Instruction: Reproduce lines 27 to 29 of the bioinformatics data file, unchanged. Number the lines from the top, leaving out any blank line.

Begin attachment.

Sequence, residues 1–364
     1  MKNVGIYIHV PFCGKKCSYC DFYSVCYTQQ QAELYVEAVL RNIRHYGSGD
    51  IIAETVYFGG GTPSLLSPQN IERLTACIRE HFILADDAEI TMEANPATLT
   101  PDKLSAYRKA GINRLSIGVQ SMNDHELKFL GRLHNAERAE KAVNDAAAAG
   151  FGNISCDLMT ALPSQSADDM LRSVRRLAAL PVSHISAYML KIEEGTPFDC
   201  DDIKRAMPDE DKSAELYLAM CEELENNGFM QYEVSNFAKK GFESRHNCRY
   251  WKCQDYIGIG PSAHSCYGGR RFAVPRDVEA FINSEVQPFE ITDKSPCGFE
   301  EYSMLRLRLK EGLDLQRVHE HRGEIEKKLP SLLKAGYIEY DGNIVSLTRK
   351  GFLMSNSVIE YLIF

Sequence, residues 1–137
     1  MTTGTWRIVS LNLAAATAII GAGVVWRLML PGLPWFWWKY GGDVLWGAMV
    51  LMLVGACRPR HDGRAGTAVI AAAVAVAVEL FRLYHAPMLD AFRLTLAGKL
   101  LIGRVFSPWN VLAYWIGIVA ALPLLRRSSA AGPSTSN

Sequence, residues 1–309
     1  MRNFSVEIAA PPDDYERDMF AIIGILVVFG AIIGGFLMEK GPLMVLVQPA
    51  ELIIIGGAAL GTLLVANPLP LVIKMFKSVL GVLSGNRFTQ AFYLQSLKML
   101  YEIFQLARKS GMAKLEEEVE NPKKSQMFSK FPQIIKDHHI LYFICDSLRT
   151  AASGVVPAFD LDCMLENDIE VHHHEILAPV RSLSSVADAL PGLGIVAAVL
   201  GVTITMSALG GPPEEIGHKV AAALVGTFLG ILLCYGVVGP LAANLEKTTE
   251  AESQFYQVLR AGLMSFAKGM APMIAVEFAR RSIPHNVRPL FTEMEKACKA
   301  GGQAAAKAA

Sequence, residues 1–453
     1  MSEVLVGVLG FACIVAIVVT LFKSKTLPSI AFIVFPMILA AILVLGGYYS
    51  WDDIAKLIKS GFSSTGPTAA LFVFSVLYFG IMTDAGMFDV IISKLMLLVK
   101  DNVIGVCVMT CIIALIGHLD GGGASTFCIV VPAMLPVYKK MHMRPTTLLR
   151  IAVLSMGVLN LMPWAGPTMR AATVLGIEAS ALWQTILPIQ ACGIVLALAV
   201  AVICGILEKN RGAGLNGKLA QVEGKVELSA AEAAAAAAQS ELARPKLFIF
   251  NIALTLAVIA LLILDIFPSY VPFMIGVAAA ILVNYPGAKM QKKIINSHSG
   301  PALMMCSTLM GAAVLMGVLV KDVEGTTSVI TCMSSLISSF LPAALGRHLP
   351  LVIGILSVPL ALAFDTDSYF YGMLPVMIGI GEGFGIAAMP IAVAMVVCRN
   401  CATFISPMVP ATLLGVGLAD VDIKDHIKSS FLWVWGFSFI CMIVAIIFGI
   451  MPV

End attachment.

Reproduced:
   201  AVICGILEKN RGAGLNGKLA QVEGKVELSA AEAAAAAAQS ELARPKLFIF
   251  NIALTLAVIA LLILDIFPSY VPFMIGVAAA ILVNYPGAKM QKKIINSHSG
   301  PALMMCSTLM GAAVLMGVLV KDVEGTTSVI TCMSSLISSF LPAALGRHLP